Specifically, however, Stevenson consciously borrowed material from previous authors. In a July 1884 letter to Sidney Colvin, he writes "'Treasure Island' came out of Kingsley's 'At Last,' where I got the Dead Man 's Chest - and that was the seed - and out of the great Captain Johnson's 'History of the Notorious Pirates.'" Stevenson also admits that he took the idea of Captain Flint's skeleton point from Poe's "The Gold-Bug," and he constructed Billy Bones ' history from the pages of Washington Irving, one of his favorite writers.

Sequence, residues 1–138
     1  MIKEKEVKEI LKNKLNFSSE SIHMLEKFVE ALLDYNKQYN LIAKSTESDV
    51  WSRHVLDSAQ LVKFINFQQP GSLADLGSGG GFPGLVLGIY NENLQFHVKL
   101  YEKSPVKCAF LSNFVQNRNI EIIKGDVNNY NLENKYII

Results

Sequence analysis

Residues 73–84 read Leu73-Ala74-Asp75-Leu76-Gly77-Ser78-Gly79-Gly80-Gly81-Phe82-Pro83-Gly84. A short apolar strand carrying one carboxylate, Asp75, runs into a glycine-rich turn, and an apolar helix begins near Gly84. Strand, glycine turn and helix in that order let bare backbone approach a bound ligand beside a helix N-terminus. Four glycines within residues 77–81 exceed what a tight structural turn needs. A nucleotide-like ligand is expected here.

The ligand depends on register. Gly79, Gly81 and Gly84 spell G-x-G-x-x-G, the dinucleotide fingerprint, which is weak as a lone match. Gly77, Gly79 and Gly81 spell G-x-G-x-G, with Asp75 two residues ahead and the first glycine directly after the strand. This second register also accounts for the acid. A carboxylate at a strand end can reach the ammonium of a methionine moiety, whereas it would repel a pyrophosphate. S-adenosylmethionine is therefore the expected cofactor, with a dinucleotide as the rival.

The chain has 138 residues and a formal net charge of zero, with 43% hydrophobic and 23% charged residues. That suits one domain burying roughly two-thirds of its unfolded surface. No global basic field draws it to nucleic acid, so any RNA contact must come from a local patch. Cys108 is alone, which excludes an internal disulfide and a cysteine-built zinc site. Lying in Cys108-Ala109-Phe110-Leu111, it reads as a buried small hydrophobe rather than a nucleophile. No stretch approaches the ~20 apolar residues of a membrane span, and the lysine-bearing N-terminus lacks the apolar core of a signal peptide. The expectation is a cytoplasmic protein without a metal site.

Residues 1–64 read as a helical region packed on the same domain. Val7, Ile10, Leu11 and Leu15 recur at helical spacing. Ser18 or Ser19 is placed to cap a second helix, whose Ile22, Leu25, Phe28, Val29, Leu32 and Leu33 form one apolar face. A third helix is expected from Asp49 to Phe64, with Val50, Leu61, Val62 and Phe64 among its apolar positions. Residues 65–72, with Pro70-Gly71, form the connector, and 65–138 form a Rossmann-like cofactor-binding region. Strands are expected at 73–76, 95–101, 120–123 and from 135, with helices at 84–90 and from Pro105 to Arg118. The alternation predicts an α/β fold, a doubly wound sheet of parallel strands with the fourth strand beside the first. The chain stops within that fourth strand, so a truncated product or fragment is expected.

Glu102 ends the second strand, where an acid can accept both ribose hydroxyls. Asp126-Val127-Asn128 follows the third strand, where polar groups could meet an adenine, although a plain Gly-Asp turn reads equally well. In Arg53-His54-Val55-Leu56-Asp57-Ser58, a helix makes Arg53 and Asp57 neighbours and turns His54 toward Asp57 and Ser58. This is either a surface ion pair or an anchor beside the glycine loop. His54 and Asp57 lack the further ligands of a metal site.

The tyranny under which Argos finds itself at the end of Agamemnon corresponds in a very broad way some events in the biographical career of Aeschylus. During his life, Aeschylus is know to have made at least two visits to the court of the Sicilian tyrant Hieron. It was a place that lured some of the other great poets of his day, Simonides, Pindar, and Bacchylides. He was also alive to see the democratization of Athens. The tension between, tyranny and democracy, is introduced in Agamemnon and, again, is developed more in the next two plays.